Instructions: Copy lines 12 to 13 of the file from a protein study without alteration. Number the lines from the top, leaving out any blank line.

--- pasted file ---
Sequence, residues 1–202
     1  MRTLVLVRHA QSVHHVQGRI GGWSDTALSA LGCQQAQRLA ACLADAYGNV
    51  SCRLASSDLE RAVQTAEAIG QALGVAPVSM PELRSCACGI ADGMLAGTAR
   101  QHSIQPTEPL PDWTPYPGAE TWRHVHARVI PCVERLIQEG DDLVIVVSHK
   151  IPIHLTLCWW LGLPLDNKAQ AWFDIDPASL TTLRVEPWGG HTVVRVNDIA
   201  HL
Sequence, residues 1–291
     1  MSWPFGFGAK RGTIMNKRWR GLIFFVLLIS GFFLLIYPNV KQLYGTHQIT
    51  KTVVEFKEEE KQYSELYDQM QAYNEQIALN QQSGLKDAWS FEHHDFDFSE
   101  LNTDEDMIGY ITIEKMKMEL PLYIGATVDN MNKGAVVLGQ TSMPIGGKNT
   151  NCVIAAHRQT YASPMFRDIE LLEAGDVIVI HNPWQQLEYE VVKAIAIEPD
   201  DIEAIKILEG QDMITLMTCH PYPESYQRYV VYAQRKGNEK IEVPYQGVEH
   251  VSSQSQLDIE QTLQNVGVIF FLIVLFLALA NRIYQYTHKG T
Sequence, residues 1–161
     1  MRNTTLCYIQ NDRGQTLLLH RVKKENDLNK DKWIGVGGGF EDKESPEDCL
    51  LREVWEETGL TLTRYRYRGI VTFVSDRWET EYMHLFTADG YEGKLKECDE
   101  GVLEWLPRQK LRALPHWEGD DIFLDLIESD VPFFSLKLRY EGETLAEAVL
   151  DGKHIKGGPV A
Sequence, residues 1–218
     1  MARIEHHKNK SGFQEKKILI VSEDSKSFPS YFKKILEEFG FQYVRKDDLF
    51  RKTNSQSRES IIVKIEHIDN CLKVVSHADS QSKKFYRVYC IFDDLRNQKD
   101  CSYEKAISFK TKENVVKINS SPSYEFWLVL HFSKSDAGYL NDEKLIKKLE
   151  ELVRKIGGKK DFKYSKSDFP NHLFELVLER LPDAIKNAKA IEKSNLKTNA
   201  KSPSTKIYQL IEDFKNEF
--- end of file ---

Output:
   201  DIEAIKILEG QDMITLMTCH PYPESYQRYV VYAQRKGNEK IEVPYQGVEH
   251  VSSQSQLDIE QTLQNVGVIF FLIVLFLALA NRIYQYTHKG T